The e-mail from the White House press office was a surprise. “Due to the high volume of messages received at this address, the White House is unable to process the e-mail you just sent,” it read, listing the proper online address for such contact.
Thankful that the White House press operation would take the time to set me straight on such a mundane housekeeping procedure when there must be more pressing matters at hand in this year of our discontent, I was nonetheless bewildered. Because I hadn’t “just sent” the White House an e-mail — nor do I contemplate doing so in this lifetime — the gesture didn’t inspire much confidence that the outfit has a firm grip on things.
The communication was not the only strange message I have found in my cyberspace mailbox of late. And that’s not counting the one from “Miss Anita,” who wrote that she was “well pleased to contact you after going through your profile, on my search for relationship.” Play my cards right, and a photograph of my would-be cyberspace pal would follow, I was promised just before I hit the delete key to vaporize any such arrangement.
More unusual than the correspondence from Miss Anita was a pair of e-mail solicitations from the budding Pingree political dynasty — one message from the campaign of Democratic 1st District Rep. Chellie, the other from her daughter Hannah, speaker of the Maine House of Representatives.
Hannah Pingree tipped me off that the Republican Party had just aired what she described as “a nasty personal attack ad” that cast a negative light on the personal life of her mother, who is running for re-election against Republican Dean Scontras of Eliot in the Nov. 2 election.
“Mom needs to fight back, and hard. But she needs you to join her,” Pingree the younger, D-North Haven, wrote. She sought to raise roughly $14,000 for the Chellie Pingree campaign to stay on the air and to make sure Mainers know where her mother stands as the election nears. The gist of her message was that if I could donate just $15 to the cause, it would be of immense help in fighting the forces of evil. A Portland TV station subsequently pulled the ad after it had run twice.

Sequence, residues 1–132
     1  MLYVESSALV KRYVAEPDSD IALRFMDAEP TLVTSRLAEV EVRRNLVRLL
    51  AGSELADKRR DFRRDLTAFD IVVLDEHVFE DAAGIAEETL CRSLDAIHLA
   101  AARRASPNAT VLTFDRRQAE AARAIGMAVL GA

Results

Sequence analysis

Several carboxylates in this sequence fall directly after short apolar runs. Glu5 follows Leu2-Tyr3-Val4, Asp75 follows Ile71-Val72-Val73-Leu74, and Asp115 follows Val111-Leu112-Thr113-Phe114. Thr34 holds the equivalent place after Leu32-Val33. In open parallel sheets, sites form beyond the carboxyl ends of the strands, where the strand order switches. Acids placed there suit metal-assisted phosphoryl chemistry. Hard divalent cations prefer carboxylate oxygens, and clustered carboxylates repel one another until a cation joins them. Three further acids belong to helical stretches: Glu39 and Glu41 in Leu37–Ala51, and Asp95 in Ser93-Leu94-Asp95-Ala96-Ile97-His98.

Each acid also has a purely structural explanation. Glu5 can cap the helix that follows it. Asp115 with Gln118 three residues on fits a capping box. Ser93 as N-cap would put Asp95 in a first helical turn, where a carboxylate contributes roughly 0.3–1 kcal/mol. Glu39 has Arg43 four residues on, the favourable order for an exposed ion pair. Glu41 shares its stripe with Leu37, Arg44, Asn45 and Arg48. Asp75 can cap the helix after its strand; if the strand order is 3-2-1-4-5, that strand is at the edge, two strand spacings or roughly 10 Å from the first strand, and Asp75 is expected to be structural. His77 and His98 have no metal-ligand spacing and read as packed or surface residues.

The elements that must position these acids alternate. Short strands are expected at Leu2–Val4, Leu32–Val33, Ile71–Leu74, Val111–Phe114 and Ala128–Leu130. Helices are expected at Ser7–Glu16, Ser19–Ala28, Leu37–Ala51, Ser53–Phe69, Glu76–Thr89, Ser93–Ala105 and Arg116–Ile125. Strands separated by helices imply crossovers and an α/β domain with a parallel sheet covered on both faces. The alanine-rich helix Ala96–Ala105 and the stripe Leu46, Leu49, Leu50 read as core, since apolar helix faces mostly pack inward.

E-mail from Chellie Pingree’s campaign headquarters several days previously had sought to recruit me to participate in a project dubbed “Call For Chellie,” a phone bank operation that would solicit votes for her re-election, long-distance, on my dime. “With just your computer and your phone you can help contact voters in Maine and help make a difference in this election — wherever you are,” the message advised.
Where I am, of course, is living happily ever after in a precinct near the outer limits of the 2nd Congressional District — the longtime fiefdom of Pingree’s fellow Democratic Rep. Mike Michaud — so far removed from Pingree’s 1st District bailiwick and any standing to suggest to voters in her district how they should vote, I might as well be domiciled in Mongolia. I presume others residing in the 2nd District received the same pitch from the Pingree campaign.
I’m thinking that what we may have here is some sort of computer glitch born of a desire to embrace the latest technology in all facets of our lives, including elections. An interesting malfunction, to be sure, but harmless.
One would suppose that Michaud might not be all that thrilled, though, to have Team Pingree poaching on his turf, trolling for cash donations and volunteer labor that might otherwise benefit his own re-election campaign against Republican Jason Levesque.
Meanwhile, Hannah Pingree was otherwise in the news this week, featured in the October issue of the magazine Marie Claire as a recipient of its Women on Top award. The magazine described the 33-year old Maine House speaker as “the next Nancy Pelosi.” If ever there has been a characterization that can cut two ways, it would be this one — considered a huge compliment in some jurisdictions, but in others not so much.
In any case, the characterization seems condescending. I do not know Hannah Pingree, but she strikes me as one who enjoys being Hannah Pingree, confident in her abilities and proud of her accomplishments at such a tender age, as well she should be. Maybe Nancy Pelosi should aspire to become the next Hannah Pingree.
BDN columnist Kent Ward lives in Limestone. Readers may reach him by e-mail at firstname.lastname@example.org.